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Messages - 604753

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Metal / Re: Metal-like soundtracks
« on: September 01, 2012, 01:52:01 AM »
Hell, Carpenter is as metal as it gets, both as pertaining to soundtracks and cinematography. I recall reading an interview of his with a statement amounting to "I don't know much about music - I just press the buttons", which pretty much sounds like a punkish manifesto for the early Norwegian BM scene.
Not to mention that The Thing's merger of heroic manliness with isolationist bleakness was indeed one of a kind in its delivery.

Another idea: http://www.youtube.com/watch?v=Xfj5ZF-ECII.
Is it me, or does this sound like the intro from "The Celtic Winter" merged with one of the first three songs from "Hlidskjalf"?

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Metal / Re: Dead Can Dance - 2012 Setlist
« on: August 25, 2012, 07:16:53 PM »
Well then, you should've been more specific from the beginning. This setlist actually does sound like honest suckage, although the "I'm a middle aged crooner and don't want to rehash my old fame" thing still stands, if you want to sympathize with the guy.
Playing mostly new DCD songs and a couple of Spiritchaser crowd-pleasers would make sense in that context, but selling their crappy solo stuff (which, well, is crappy and devoid of any serious worth, vide Gerrard mit Schulze) is another thing. Still, I tend to think of Toward the Within as a live rendition of their "creativity". Not the best, but honest, kind of like early Burzum demos.
From my experience, a live show is something completely different to living through what someone once recorded. If they weren't capable of delivering a memorable and meaningful show, then that was their problem.

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Metal / Re: Dead Can Dance - 2012 Setlist
« on: August 25, 2012, 05:57:46 PM »
Beherit didn't exactly emulate its earlier works on Engram; NHV rather compiled them and infused the output with an entirely new sort of energy. The new DCD album is, in a way, similar. Sure, the old albums are classics, but touring isn't about the quality of output as much as conveying a feeling of wonder. It stands to reason that Perry would rather play his new stuff, regardless of its quality, rather than perform as a has-been and play all of the stuff everyone knows and can clap to.
A has-been burnout isn't exactly the best source of honest wonder, and given that Anastasis is more Spleen and Idealish than Spiritchaserish in its structure, DCD eschewing their older works to play something "dead that dances" sounds pretty good overall.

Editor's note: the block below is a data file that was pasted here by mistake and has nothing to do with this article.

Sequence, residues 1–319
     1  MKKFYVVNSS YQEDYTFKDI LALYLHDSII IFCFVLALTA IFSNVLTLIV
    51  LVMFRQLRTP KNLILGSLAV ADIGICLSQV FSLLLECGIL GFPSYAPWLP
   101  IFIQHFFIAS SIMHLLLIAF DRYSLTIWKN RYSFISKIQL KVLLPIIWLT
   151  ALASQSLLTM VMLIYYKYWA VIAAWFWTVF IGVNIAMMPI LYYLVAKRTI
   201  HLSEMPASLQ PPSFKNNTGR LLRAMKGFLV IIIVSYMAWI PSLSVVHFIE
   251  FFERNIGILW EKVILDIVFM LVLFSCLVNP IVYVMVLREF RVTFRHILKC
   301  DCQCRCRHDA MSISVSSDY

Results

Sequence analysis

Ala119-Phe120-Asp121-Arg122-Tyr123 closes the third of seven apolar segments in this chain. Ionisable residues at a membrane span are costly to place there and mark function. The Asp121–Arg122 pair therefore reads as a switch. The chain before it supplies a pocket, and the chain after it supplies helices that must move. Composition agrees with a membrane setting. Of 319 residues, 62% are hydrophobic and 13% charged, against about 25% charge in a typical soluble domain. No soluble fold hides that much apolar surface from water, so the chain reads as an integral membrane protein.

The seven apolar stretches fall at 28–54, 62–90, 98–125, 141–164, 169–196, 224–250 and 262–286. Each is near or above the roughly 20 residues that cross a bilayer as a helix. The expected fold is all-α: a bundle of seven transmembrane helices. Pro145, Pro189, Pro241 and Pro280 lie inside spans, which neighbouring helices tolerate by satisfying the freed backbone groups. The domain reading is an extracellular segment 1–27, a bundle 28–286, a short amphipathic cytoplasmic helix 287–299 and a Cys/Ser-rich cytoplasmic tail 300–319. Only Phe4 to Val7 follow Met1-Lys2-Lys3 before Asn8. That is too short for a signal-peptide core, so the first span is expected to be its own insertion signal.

(Then again, the Beherit comparison was pretty arbitrary. I'd rather think of the new DCD material as a sort of CF's Monotheist. Much better than their "recent" output, and, all in all, you prefer its "industrial nu-metal goth" honesty to the retro-reconstruction of Triptykon).

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Interzone / Re: Intellectually stimulating websites
« on: July 28, 2012, 08:37:09 PM »
Old Web 1.0 occult/weird sites are pretty stimulating if you're interested in spending hours on reading and traversing the labyrinthine navigation (which, nowadays, is in itself quite a rare experience).

kathodos.com - neoplatonic and ancient Buddhist source content, and lots of pissed-off commentary on mainstream Buddhism. The author sounds like a Chinese Schopenhauer impersonator. Insightful, amusingly hateful. Lots of swastikas and no interest in legibility or graphic design whatsoever.

vwsp.eu - site by some hippy guy who claims to have achieved enlightenment at some point - which sounds surprisingly credible, given that his writings are extremely esoteric and introverted in character. Once you get used to the language and come to accept and understand his definitions of "enstasy" and "pilgrimage", you'll find an abstract blueprint for any metaphysical journey. (Kind of like this site as pertaining to metal).

kheper.net - recap of esoteric traditions (gnosticism, interspersed with some vaguely New Agey content which nevertheless manages to be quite objective-oriented, rather than lovey-dovey.

These sites are reminiscent of a time when you actually immersed yourself in what your read over the internet, as opposed to jumping from medium to medium (Facebook, IMs, gay porn) while browsing Wikipedia. In other words: they're all based on a concrete concept which unveils itself over the course of reading; they're not just strips of information ready for syndication over teh interwebs.

Another suggestion: old ANUS.COM. Going back to 1999 or 2002 will find you quite a lot of gems. Same thing goes for all affiliated sites (e.g. heathen.org, hessian.org, and others, which you can find here: http://www.corrupt.org/docs/web_development/domains).

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